• Work with diverse groups to develop assessment questions so that questions are not chronically reflective of historically dominant perspectives.  

  • Join us for the upcoming structured conversation, Culturally Responsive Assessment, on July 7th at 12:00 p.m. (Eastern) with Marjorie Dorimé-Williams, PhD, Assistant Professor, Educational Leadership and Policy Analysis at the University of Missouri. Join us via Zoom [] This will be recorded and shared.

  • Access resources provided to you by SAAL members. Resources on socially just assessment are highlighted on the front page of our website.

A Call to Action for White Colleagues: 

  • Do your own homework and research first, do not ask your colleagues of color to do it for you. If you find yourself not knowing or suspecting you don’t know, then research, read, listen, watch.  As assessment leaders, you are good at doing your reading.  Here is a list of some great places to start depending on where you are in your journey:

  • Engage in active self-reflection or reflexivity. How do your identities shape your approach to data collection and analysis? What voices are elevated? How is evidence determined to be valid? Who has a say in the credibility of evidence?

  • Ask yourself, “Am I willing to risk my power, privilege, position to be an ally to people of color?” Get to a place of yes. 

  • Do not leave it up to Black, Indigenous, and People of Color to bring up social justice and white supremacy, speak up.

  • Build allyship and create a collective agenda with others doing this work.

As a board, we haven’t shied away from this work, but we have more work to do now and in perpetuity. We pledge to the following actions:

  • Publicly share updates on the Grand Challenges in Assessment in Higher Education, Equity project

  • Place resources on critical and socially just assessment, including professional development opportunities, front and center on our website.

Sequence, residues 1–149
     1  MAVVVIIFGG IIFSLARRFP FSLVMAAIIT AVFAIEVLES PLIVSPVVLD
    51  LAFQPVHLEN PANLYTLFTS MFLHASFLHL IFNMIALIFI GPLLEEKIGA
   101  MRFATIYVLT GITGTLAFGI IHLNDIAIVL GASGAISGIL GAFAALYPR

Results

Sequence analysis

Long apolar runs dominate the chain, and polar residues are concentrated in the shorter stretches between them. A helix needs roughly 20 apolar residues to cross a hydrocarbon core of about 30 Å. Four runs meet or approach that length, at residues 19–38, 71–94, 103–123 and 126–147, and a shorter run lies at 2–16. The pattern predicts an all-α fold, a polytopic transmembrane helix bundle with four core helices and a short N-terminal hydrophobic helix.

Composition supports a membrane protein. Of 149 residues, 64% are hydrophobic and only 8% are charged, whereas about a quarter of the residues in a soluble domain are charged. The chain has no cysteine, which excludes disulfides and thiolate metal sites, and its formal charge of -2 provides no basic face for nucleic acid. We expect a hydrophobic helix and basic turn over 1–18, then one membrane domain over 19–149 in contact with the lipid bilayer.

• Each committee and workgroup will develop a commitment to and actionable steps for infusing social justice into their work. These will be shared publicly once identified.

  • Involve, feature, and represent diverse perspectives and identities in professional development offerings (e.g., blogs and structured conversations).

  • As a board, commit to engaging in our own professional development on anti-racism and anti-white supremacy in our work and in our lives.


Our group is named Student Affairs Assessment LEADERS, which means that all of us have a role to play in making our work and our institutions socially just.  In order to dismantle white supremacy and fight for racial justice, we must answer this call to action. 


The purpose of this organization is to provide the opportunity for all of us to improve our work. In the spirit of SAAL’s ethos of Curiosity, Equity, Justice, and Intentionality, we encourage all of you to share resources and tools with one another to provide critical, socially just, culturally responsive assessment. SAAL offers several avenues for sharing: structured conversations, blog, journal articles, and of course, the SAAL listserv.  



The SAAL Board